Do you feel that your allergy symptoms get worse during the late spring and early summer? It’s possible that you may have a grass allergy. The summer season is grass pollination season, causing an array of bothersome symptoms in individuals who are allergic to it. The condition is called seasonal allergic rhinitis.
Common complaints of allergic rhinitis include recurrent sneezing, a runny nose, water/itchy eyes, postnasal drip, nasal congestion, or throat congestion. Those with severe grass allergies may report itchiness of the skin or urticaria (hives) after contact with grass. Other conditions that are associated with grass allergies include asthma, eczema, conjunctivitis, nasal polyps, sinusitis (sinus swelling), sleep apnea, laryngitis, and ear infections. Some individuals with grass allergies may also suffer from oral allergy syndrome (OAS), a condition marked by itchiness of the mouth and throat after consuming raw fruits and vegetables (tomatoes, potatoes, peaches).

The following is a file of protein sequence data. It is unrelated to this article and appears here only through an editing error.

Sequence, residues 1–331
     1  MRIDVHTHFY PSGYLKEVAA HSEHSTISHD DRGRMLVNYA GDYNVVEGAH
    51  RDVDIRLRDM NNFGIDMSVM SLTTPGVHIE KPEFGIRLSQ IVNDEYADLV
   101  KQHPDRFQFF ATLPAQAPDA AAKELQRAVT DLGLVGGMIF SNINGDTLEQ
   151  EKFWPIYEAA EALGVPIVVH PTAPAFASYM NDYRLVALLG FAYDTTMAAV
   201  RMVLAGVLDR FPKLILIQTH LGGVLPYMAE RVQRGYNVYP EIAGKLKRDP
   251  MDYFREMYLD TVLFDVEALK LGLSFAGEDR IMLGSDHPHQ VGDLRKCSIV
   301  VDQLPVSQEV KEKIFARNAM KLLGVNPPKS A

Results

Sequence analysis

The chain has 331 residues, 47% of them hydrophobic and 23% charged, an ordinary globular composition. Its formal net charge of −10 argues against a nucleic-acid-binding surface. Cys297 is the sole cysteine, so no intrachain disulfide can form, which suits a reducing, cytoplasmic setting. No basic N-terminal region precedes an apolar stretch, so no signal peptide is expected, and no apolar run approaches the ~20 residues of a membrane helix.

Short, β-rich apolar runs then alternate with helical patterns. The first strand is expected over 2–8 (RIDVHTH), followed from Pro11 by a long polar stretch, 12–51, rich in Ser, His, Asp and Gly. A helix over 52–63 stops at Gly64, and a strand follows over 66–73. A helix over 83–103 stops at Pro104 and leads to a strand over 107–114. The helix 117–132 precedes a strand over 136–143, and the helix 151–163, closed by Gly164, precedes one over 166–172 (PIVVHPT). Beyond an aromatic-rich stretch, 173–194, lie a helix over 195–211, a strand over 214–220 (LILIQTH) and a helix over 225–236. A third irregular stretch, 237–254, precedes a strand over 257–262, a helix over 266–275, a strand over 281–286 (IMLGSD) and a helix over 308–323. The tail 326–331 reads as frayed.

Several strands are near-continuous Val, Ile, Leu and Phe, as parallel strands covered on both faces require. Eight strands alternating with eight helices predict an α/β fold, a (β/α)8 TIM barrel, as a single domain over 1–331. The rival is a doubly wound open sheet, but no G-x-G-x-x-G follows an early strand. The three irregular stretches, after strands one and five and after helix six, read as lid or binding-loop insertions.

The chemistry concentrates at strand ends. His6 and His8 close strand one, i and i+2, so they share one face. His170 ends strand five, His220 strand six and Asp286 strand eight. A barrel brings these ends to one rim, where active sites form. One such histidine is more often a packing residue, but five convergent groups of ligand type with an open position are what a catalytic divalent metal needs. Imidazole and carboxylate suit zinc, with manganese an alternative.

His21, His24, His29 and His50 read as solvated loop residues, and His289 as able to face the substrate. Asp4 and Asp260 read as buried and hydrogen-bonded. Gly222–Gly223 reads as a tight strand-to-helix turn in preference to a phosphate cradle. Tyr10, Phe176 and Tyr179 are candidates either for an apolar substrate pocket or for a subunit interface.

The first step in minimizing allergy symptoms is to see what grass pollens you are allergic to. This can be accomplished via allergy testing. Patients are often tested for several different grass species usually dependent on which grasses are found in their area. A typical New England panel may include Rye grass, Bermuda grass, Timothy grass, Bahia grass, and Johnson grass. Allergy testing can be performed via a quick, pain-free skin test or by a blood test, which is often sent away to a reference lab. Both testing methods are safe and effective for diagnosing grass, as well as other types of environmental allergies. Skin testing is advantageous in that it can be performed in the office setting, the results are readily available, and multiple grass allergens can be tested.